I have kept on sketching Walker Hall, from the outside, because it is near to work and easy to go and draw at lunchtimes. All of these are form this month, January 2019, and I’ll probably take a break for a while now until the building changes a bit more from the outside. This is a fun project though, and as this renovation continues, it’s a reminder that Walker Hall will not be seen like this again. Sketched documentation is showing a moment in time that will pass.

walker hall UC Davis

Part of me though is like, yeah but get a move on eh. The changes are subtle – the roof is covered in different material now, in a different colour. Also, I look back at my sketchbooks from exactly a year ago, and it looks like it used to, undisturbed by large machines.

walker hall uc davis

Walker Hall actually dates back to 1927, as one of the first permanent buildings on campus, designed by the architect William Hays. It was renamed in 1959 for Harry B. Walker, former agricultural engineering professor, this being the old Engineering building. In 2011 it finally stopped being used, and sat empty. I remember years ago there used to be a wall, and a load of cacti, and the path along the back of Walker Hall was narrower and didn’t have such a good view of Shields Library. I remember walking past the windows above next to the rows of bikes and seeing people drawing on huge tables, design students most likely, though I never went in for a look around. That side of the building has an unusual pattern on it now. My most recent sketch was the one below. I think that will do, for a while.

walker hall (AGAIN)

inside walker hall

walker hall nov 2018
As you may know I have been sketching the ongoing reconstruction/renovation of Walker Hall, the big old building in the middle of the UC Davis campus that is being transformed into the Graduate Center. It’s an interesting and exciting project that will provide the university with a dedicated hub for graduate students in a setting that retains the elements of a historical piece of UC Davis architecture with a refreshing modern upgrade. Phew that all sounds like a brochure for a condo complex. Never ever write like that again, Pete. Anyway, there was a nice write-up about my documentation of this on the UC Davis Graduate Studies website, and back in November I was invited to go inside and actually sketch the site. “As long as I can get a photo of me sketching with a hard hat!” was my response. Urban Sketching cred you know. Of course the yellow vest has in the time since taken on slightly different undertones on the other side of the pond but it can be a handy tool. Years ago someone told me that they often wear a yellow vest when they go out filming on the streets for their art projects, so that nobody questions them, they look like they are from the council. Well I’ve never done that, but it was nice to be officially kitted out by the management for sketching a building site, though I could only sketch after the builders were out of the way, and I wasn’t to jump over any big holes. I didn’t have long before the sun went down so I did as much as I could, and coloured in at home. Above, the view from the second floor overlooking two of the wings. Below, the sought-after picture of me in a hard-hat, sketching that very scene.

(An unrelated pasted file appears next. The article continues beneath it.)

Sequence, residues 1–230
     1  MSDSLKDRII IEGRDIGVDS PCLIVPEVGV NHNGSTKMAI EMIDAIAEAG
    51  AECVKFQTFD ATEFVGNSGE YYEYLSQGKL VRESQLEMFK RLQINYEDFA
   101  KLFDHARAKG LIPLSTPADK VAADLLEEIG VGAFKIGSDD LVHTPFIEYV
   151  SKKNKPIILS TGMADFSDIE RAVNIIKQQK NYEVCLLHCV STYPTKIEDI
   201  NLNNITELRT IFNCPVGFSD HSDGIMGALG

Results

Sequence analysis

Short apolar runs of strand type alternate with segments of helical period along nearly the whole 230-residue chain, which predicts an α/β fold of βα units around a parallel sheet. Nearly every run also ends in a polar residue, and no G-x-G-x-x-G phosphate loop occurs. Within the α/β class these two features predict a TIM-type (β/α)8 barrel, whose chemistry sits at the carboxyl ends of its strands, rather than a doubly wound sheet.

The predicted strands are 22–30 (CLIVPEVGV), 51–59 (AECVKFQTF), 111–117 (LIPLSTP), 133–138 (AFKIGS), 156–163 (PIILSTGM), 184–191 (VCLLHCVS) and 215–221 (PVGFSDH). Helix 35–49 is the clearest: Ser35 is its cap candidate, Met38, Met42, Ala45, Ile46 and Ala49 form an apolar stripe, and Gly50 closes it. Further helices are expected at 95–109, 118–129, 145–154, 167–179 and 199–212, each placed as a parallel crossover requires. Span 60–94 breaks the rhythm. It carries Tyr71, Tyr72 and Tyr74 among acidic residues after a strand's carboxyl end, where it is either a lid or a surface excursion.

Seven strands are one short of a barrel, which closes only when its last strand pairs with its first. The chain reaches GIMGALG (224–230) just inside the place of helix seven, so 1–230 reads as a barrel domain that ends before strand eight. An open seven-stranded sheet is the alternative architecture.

img_9701walker hall (sign) nov 2018

The front of the building will remain mostly unchanged, though I imagine the tiles will be cleaned up a bit.
walker hall (tiles) nov 2018
Inside was gutted with cables and crevasses and equipment everywhere. I loved this broom though. I
walker hall nov 2018
walker hall nov 2018

The scene below was mostly drawn afterwards. It was the last thing I attempted to draw and I plotted out the perspective and where the intersecting lines would go, I drew the yellow tape barriers and the crane, and then I had to go. So I came back to it this weekend and finished it off. It’s funny drawing it from the outside so many times and then finally showing the inside.
walker hall interior

Finally, a sunset photo from the second floor. I have several more sketches of Walker Hall’s exterior that I have sketched since, but this seems like a good place to stop.